Confronting exposure(s) to social-sexual deviance is the second ACT NOW principle. This is a behavioral objective. The objective is to identify a healthy resource and talk about the exposure and subsequent disruption to healthy adjustment.
Treatment is the third ACT NOW principle. Treatment occurs on a continuum. In other words it is variable depending upon the exposure to deviance, pre-existing health challenges and expectations. A comprehensive Trauma Assessment is the headwater to establishing a traumatic injury management plan.
NOW is the fourth principle. It is a call to action that is disruptive to the many potential injuries people can experience following exposure to deviance. By taking action NOW, the risk to develop PTSD is significantly reduced as immediate healthy actions serve to disrupt avoidant behavior. Habituated avoidant behaviors that can emerge include substance abuse, depression, sexual promiscuity, sexual aggression and others.
Is Social-Sexual Deviance a Carcinogen?
The World Health Organization broadly defines violence as intentionally engaging in behavior that predictably causes or will more likely than not cause psychological, emotional and/or physical injury.  Learn More

Deviance, like cancer is an uncontrolled division of cells. Both are observed within single cells, larger cellular groupings and can ultimately bring death to the host body. Violence is the unifying thread to social and/or sexual deviance. Exposure to violence can cause a firestorm that consumes one’s psychological, emotional and physical health and leaves an indelible footprint. There is increasing research that demonstrates childhood exposure to deviance increases lifetime risk to develop cancer. Learn More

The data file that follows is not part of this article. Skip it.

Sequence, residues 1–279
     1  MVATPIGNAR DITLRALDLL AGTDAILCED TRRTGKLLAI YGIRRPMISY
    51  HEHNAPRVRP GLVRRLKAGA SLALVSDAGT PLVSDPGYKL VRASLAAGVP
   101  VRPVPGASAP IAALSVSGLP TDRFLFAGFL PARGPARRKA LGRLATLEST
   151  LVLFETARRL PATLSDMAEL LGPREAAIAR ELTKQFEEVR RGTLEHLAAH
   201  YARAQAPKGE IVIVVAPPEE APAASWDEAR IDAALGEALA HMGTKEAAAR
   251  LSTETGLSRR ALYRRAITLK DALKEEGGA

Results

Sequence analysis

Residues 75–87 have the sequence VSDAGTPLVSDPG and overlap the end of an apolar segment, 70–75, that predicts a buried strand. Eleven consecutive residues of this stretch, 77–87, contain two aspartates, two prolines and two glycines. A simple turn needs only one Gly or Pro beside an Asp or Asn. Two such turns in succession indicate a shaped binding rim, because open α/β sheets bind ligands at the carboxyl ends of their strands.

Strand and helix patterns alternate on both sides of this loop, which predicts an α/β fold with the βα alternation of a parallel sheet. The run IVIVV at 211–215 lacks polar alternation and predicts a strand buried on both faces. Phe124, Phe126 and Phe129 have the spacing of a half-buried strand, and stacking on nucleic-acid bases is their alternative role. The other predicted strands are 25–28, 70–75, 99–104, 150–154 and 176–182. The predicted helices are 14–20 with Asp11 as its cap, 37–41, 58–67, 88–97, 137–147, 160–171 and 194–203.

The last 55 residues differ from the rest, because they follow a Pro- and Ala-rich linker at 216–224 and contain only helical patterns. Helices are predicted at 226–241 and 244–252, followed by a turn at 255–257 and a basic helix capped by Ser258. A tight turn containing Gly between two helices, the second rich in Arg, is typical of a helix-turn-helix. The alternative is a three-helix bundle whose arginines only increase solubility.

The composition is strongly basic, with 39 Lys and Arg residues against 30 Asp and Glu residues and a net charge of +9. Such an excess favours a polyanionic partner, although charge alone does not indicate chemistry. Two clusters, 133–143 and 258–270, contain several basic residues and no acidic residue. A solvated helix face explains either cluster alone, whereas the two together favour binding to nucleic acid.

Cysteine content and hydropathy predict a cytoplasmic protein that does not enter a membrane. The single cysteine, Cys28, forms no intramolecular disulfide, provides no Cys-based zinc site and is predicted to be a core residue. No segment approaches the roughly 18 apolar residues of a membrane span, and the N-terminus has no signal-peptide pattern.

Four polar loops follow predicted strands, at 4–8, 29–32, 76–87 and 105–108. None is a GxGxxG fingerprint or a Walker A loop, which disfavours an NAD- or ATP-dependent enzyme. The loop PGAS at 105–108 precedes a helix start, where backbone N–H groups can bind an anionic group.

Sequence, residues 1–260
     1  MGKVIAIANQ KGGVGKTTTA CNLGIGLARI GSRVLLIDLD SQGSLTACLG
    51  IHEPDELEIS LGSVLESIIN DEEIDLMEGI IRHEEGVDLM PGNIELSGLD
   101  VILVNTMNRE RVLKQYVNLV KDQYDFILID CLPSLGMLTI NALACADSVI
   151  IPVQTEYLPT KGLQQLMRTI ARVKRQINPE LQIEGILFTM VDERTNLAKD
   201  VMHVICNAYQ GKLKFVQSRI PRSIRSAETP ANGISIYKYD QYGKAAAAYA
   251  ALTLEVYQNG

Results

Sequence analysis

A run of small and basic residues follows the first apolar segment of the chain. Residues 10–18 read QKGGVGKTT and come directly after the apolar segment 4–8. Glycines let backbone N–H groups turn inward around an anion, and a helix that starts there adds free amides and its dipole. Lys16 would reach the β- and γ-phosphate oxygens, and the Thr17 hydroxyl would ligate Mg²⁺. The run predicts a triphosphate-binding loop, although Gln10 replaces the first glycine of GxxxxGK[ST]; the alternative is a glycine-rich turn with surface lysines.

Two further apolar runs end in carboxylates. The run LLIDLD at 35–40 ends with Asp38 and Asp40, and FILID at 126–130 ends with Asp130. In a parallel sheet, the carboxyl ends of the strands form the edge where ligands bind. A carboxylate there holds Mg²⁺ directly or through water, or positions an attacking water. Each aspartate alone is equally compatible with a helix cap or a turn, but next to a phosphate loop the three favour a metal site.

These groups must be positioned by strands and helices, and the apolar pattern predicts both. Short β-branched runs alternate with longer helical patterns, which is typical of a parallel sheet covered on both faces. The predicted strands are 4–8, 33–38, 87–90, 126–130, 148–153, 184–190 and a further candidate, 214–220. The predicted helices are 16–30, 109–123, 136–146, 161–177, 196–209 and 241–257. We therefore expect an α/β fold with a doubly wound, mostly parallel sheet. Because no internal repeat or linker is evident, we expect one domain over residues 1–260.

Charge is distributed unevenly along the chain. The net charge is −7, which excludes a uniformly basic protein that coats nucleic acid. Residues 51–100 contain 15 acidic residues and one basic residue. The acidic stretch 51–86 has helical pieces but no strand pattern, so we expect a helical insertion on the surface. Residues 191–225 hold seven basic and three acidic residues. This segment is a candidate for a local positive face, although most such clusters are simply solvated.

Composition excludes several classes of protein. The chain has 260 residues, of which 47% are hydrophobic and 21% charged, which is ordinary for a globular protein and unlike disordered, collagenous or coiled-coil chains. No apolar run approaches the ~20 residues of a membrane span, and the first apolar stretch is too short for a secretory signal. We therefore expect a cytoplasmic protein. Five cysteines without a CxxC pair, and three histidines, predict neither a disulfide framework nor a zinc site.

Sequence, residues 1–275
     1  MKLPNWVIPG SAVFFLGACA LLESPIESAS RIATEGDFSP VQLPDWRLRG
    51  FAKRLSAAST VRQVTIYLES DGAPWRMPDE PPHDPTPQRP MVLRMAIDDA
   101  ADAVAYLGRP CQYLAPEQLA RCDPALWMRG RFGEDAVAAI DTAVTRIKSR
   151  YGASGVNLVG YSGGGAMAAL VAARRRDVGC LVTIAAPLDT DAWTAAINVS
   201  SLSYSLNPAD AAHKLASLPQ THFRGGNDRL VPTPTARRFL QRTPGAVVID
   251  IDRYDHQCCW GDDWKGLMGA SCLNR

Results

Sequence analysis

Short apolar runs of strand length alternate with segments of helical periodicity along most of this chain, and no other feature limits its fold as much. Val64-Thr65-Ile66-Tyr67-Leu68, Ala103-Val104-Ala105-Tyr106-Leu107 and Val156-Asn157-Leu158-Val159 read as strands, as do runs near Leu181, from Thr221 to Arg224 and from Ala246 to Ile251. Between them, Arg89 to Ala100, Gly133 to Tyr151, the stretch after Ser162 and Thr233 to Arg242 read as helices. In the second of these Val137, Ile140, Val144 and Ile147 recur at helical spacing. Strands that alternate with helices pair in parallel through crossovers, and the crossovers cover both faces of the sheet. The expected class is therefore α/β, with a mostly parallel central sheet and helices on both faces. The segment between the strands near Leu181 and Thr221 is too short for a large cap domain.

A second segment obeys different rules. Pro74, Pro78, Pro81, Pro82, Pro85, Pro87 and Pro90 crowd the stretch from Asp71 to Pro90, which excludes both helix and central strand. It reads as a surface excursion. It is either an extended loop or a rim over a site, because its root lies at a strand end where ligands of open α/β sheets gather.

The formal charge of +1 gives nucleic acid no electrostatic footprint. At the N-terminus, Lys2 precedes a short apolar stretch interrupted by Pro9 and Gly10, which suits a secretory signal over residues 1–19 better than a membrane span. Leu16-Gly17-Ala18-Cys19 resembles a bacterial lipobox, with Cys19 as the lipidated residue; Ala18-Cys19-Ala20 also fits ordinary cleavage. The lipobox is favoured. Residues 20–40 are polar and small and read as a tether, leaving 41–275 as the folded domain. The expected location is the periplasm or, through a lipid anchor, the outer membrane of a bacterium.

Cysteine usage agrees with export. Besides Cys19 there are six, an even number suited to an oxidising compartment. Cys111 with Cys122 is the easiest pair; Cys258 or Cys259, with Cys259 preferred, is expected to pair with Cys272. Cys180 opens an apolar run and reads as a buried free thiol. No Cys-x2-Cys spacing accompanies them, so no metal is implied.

Debriding Sequential Trauma Deposits
Exposure to social-sexual deviance is always a stressor. The experience leaves a residue that can injure cognitive, emotional, and physical adjustment.  Silence is the self-defeating coping response that can ignite the sediment and fuel a firestorm that has garnered considerable investigative research.  The research observations reveal the trauma-related injuries are uneven and influenced by many different factors.  In turn, the restorative pathway to healthy adjustment and healing one’s spirit comprises multiple steps.  These nine steps are as follows:

  1. Acknowledge one’s lifetime experiences include exposure to social-sexual deviance.
  2. Identify the sequential exposures and accept sexual deviance motivated the sexual maltreatment and social deviance made possible the abuse process.
  3. Define the abuse process elements that cause injury.
  4. Acknowledge the strategies, one used to survive the abuse process psychologically.
  5. Acknowledge the ways one misinterpreted the traumatic injury process and the subsequent mistaken ideas one formed about oneself, others, and human sexuality.
  6. Acknowledge and confront the thinking errors one uses to discourage intimate relationships.
  7. Define one’s psychological and social assumed disabilities that form obstacles to cultivating and sustaining intimate relationships.
  8. Define self-independent of the social-sexual deviance exposures and the subsequent trauma residue.
  9. Cultivate a support system to maintain the healthy coping responses one develops to manage traumatic injuries and disruptions to healthy adjustment.

Confronting the exposure to deviance is the common element of each health restoring step. Confrontation disrupts the social-sexual isolation the deviant imposed and ultimately translates to neutralizing the toxin.